Traditional cache
Besides the location, the cache itself might be interesting and worth seeing in its own. Some cache owners put a lot of time and effort to construct contraptions where you have to, for example, open some lid with a key or winch a container down from a tree. I have seen a cache camouflaged as a beehive, and some of the funniest caches are the ones that are hidden in plain sight, disguised as electric boxes or some such ordinary objects that just belong to the landscape.

Besides the traditional caches where someone just posts the coordinates on the Internet and you go find it, there are other kinds of caches as well. The most popular other types are multi-caches and unknown caches, also known as puzzle or mystery caches. Multi-caches contain one or more intermediate points before the final location where the cache with the log book is. In the intermediate locations you might find cache boxes with coordinates, or you might have to calculate, say, the number of windows in a building and apply that number to a formula given in the cache description to get the next coordinates. Multi-caches may be of any length: 20 meters, 2 kilometers or 200 kilometers. The basic rule with all caches, though, is that there must be at least 161 meters, or 0.1 miles, between them.

Mystery cache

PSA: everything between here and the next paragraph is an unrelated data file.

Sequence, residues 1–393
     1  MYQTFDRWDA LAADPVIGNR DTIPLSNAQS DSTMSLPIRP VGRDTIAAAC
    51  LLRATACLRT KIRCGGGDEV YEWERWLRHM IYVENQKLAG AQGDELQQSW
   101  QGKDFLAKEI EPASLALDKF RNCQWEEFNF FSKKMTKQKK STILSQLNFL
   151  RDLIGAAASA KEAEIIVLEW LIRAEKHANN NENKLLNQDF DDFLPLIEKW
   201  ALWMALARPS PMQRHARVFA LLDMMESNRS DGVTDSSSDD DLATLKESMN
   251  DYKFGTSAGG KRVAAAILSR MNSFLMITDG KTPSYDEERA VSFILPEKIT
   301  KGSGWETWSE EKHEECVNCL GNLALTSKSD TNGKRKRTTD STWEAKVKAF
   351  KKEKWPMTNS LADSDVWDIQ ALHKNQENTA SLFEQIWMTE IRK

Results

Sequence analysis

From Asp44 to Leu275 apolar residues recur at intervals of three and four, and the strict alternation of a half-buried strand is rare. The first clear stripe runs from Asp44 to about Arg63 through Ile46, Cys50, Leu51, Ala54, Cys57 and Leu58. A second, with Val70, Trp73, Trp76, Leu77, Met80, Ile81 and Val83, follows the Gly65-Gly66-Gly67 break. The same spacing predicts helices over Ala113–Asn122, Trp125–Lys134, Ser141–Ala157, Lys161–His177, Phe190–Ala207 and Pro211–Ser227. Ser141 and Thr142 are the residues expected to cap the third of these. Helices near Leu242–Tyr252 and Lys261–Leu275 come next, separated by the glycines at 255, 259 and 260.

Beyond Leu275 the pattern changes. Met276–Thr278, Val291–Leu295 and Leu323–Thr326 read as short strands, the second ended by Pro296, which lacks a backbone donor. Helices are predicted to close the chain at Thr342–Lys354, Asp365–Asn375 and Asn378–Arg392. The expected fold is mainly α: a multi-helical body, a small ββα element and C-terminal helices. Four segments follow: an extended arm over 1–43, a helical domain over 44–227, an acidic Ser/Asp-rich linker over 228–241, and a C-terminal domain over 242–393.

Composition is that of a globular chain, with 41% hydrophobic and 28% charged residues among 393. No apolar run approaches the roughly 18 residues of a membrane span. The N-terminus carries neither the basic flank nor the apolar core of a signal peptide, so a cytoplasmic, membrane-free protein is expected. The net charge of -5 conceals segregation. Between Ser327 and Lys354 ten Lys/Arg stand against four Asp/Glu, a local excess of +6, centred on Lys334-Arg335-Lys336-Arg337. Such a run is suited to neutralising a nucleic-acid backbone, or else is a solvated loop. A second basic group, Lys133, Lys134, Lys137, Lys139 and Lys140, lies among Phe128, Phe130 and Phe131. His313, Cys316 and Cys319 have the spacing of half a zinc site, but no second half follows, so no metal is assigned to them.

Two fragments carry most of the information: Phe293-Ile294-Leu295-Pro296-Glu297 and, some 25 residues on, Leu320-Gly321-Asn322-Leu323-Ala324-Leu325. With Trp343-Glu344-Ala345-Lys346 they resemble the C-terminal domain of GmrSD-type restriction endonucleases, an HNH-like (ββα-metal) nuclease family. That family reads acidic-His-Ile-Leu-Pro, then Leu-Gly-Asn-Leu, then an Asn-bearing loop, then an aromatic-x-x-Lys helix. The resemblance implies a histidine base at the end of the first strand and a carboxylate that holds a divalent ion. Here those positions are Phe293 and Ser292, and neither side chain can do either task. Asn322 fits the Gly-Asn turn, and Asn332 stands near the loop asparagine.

Finally, mystery caches can be pretty much like anything. There might be a simple jigsaw puzzle that you must build in order to see the coordinates in the picture that forms, or the puzzle might require deep knowledge of some sports league, programming language or historical event or person.

A screenshot from, showing you the strategic information of the Oslo Concert Hall cache: D/T 2/1.5, small.
Oh, and how do you know which caches would be easy and which ones would be difficult? All the caches have two ratings assigned to them by the author: the difficulty rating (D) and the terrain rating (T). You seldom see traditional caches with difficulty values over D3 or D3.5, and those are often used by cleverly camouflaged caches or caches in places with many possible hiding places. A cache with a difficulty rating of D1 should be quite trivial to find, whereas a mystery cache with a difficulty rating of D5 might stay unsolved for weeks or months. Difficulty ratings are, however, quite subjective. In the end terrain ratings are also subjective, but I think they are less subjective than difficulty ratings anyway. A T1 cache can usually be retrieved even from a wheelchair, whereas a T5 cache basically requires you to have some special equipment, such as climbing gear, or you will risk serious injury or even death. Of course one of the fun parts of the hobby is that there's something for everyone and you can only go find those caches that suit your tastes and skills. :)

So, what are you waiting for? Go check out the map of geocaches in your area, register to the site, get the coordinates and go out with your smartphone. :)